UN Allowed to Help Kachin Civilians in Rebel Areas

UN Secretary-General's Special Adviser on Burma Vjay Nambia visits Ja Mai Kaung refugee camp in Myitkyina on Feb. 5, 2013. (Photo: Kachin Waves / Facebook)

UN Secretary-General’s Special Adviser on Burma Vjay Nambia visits Ja Mai Kaung refugee camp in Myitkyina on Feb. 5, 2013. (Photo: Kachin Waves / Facebook)

Burma’s government will finally let the UN and international aid groups access all displaced civilians in war-torn Kachin State in northern Burma, a government official said on Tuesday. It had previously blocked international relief from reaching thousands of civilians in rebel-held areas.

The announcement came several hours after the government and the Kachin Independence Army (KIA) agreed to cease their fighting and pursue peace talks after holding a meeting in China’s Yunnan Province on Monday.

Ye Htut, a spokesperson for President Thein Sein, said on Tuesday evening that the UN and international aid groups would be allowed to start relief operations in all internally displaced persons (IDP) camps in Kachin State.

“The president in principle, agreed to let INGOs provide aid,” he said, adding that relief agencies and the government would still need to discuss how to ensure security for aid workers in IDP camps in government and rebel-controlled areas.

“We will work with them in accordance with their security protocol, to provide aid in whichever camp and to whatever group,” Ye Htut wrote in an email, adding that “no [starting] date has been determined.”

In recent months, the government repeatedly turned down requests by the UN, the US and the UK to allow international aid to reach IDP camps in KIA-controlled areas. Naypyidaw claimed it could not guarantee the safety of aid workers.

Local Kachin non-governmental organizations have cared for the IDPs instead, but these NGOs only have limited supplies. Some international aid reached the NGOs via China but in recent months this support dried up.

The groups warned that they could only provide rice, cooking oil and blankets, but that meat and medicine were in short supply. Recent outbreaks of diarrhea in some rebel-controlled camps affected 100 children, killing at least three infants.

According to UN estimates from December, some 45,000 IDPs are living in more than a dozen camps in rebel-held areas along the border with China, while another 30,000 Kachin live in government-controlled camps further south. Most have stayed in the camps for many months, following the breakdown of a 17-year-old ceasefire between the government and the KIA in June 2011.

Transport of goods and people to some Kachin towns such as Putao, has also been cut off because of the fighting and local food stocks are running low.

The UN’s World Food Program had been able to conduct operations in some government-controlled IDP camps.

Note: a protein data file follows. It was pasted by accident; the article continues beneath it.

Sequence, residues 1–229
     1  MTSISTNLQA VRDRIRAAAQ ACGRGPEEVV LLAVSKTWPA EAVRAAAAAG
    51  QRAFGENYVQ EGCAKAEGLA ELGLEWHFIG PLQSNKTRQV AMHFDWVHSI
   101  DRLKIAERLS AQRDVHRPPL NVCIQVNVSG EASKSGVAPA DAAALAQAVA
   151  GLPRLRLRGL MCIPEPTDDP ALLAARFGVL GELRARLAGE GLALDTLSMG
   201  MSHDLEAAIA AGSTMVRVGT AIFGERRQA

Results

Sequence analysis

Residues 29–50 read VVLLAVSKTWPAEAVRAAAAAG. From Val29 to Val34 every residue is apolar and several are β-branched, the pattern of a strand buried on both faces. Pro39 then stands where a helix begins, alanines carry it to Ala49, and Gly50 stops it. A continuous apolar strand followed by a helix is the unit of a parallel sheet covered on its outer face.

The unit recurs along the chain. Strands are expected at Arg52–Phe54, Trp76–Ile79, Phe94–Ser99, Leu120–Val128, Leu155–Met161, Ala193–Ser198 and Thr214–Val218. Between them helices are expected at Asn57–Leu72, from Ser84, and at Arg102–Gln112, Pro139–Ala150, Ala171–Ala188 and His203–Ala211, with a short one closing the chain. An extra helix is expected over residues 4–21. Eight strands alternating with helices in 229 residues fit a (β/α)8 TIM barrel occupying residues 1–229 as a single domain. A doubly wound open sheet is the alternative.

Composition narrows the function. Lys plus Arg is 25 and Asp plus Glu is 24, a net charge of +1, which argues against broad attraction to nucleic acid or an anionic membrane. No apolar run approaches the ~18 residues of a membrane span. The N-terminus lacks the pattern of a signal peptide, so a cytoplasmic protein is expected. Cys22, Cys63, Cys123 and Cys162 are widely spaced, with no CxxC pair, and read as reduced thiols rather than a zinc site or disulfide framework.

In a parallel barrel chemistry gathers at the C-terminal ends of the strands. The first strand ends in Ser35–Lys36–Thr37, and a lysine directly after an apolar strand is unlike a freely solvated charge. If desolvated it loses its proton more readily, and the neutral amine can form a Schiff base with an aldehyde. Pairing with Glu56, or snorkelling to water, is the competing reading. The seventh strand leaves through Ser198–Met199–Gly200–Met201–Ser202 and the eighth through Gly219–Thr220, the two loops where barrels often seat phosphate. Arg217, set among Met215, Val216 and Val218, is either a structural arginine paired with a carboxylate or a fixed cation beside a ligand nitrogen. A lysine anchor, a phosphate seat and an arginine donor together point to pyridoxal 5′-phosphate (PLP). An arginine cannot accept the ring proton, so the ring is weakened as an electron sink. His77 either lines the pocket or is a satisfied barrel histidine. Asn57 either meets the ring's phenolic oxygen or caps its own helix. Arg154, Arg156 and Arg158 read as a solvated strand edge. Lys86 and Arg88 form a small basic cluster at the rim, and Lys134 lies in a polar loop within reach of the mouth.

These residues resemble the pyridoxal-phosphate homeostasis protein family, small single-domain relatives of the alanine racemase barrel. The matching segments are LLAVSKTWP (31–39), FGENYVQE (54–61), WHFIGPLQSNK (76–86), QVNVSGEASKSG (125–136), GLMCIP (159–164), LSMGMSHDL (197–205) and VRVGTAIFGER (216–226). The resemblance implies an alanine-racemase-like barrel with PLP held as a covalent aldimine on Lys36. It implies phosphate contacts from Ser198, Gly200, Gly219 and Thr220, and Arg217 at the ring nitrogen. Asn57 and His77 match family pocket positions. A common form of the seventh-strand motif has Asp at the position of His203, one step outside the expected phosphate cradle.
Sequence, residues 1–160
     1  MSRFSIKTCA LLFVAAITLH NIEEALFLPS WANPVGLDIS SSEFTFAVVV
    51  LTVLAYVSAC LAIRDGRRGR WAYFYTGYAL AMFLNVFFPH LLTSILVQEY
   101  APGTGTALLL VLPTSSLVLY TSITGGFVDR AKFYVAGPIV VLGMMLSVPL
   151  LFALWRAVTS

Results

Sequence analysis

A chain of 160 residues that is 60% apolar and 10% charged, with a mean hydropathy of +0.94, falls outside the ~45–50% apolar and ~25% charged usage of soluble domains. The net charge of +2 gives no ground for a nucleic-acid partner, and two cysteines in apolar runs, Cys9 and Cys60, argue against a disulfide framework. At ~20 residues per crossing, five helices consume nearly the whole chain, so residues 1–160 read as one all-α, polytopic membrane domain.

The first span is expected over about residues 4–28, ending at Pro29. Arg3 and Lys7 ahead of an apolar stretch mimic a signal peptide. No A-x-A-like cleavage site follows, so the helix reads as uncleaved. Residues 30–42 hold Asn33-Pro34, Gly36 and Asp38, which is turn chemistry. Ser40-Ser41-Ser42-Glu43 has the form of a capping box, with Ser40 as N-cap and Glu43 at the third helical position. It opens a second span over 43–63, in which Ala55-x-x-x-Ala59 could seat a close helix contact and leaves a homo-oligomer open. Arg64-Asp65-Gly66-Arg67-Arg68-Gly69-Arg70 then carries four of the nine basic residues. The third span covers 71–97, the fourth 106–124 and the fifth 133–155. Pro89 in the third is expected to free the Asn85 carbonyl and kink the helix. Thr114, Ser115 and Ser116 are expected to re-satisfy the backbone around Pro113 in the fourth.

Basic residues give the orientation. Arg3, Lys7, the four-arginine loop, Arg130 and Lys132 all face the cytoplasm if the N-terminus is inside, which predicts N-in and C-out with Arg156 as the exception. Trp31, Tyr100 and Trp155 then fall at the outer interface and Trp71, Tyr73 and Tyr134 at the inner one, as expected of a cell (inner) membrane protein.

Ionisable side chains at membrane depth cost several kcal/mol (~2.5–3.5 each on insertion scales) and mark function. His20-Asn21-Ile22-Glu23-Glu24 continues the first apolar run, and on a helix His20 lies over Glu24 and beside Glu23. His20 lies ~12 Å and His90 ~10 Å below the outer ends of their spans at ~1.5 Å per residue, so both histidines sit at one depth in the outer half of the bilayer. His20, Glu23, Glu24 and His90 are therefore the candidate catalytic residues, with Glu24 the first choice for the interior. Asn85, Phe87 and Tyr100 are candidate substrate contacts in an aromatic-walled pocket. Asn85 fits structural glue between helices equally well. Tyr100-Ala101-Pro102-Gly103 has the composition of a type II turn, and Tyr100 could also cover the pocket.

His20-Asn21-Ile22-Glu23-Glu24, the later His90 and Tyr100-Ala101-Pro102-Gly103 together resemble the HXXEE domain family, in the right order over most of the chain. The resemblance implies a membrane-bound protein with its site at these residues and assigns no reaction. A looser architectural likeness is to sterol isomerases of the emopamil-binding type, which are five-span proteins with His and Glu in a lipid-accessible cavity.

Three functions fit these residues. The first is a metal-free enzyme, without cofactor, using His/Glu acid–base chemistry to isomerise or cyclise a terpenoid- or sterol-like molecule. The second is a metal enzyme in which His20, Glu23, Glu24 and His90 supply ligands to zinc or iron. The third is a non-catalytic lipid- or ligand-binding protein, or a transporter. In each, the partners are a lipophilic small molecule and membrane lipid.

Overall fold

On Tuesday, the UN Secretary-General’s Special Adviser on Burma Vjay Nambia visited government-controlled camps at Kachin State capital Myitkyina and at Waimaw, in order to assess the situation on the ground.

He was travelling with Immigration Minister Khin Ye  and president office minister Soe Thein, according to Manam Tu Ja, a local Kachin politician.

“Mr. Nambia said he was pleased to meet residents of Myitkyina and to learn about the displaced in the IDP camps,” Manam Tu Ja said. “He said the government peace team’s implementation of the peace process would be successful and we would work together in the region.”

5 Responses to UN Allowed to Help Kachin Civilians in Rebel Areas

  1. Burmese government said they can’t guarantee the safety of aid workers! How pathetic, when KIA can guarantees safety of aid workers from their side. What Burmese government is saying is that they can’t guarantee what direction their bullets will fly! Because, they don’t distinguish enemy, civilians or aid workers!

  2. When things are going normal, we the people are happy. When the people are happy, the government has good reputation. So, serving the people serves the government. That’s win-win situation.

  3. So this donkey, right, it was carrying a load. But it resisted at times and each time it did, the driver put on one more stone on the back. Once it stopped resisting, the stones were taken off one after another to the great delight and joy of the animal.

    The fact is there should have been NO stone put on in the very first place.

    Still Nambier is fitting here. He is last person to be labelled human on earth, and also carries the label of most corrupt and useless organization, the United Nations of American Pageboys.

    International Aid, my foot.

    In human world there would have been International Condemnation of their murderous Business partners- the Bamar Sit-tut of Than Shwe without whose inhumane actions there would have no displaced person to rescue, minding their own fields only short months ago.

    Wake up humanoids! Next time it will be YOU!

  4. Under the International Laws, do they allow any government the right to deny any humanitarian assistance to IDPs under any pretense, despite the victims suffering from hunger, disease and cold, especially the old and children? NGOs need to raise them with the world bodies; otherwise, it will be a repetition of international assistance aftermath of Cyclone Nagis.

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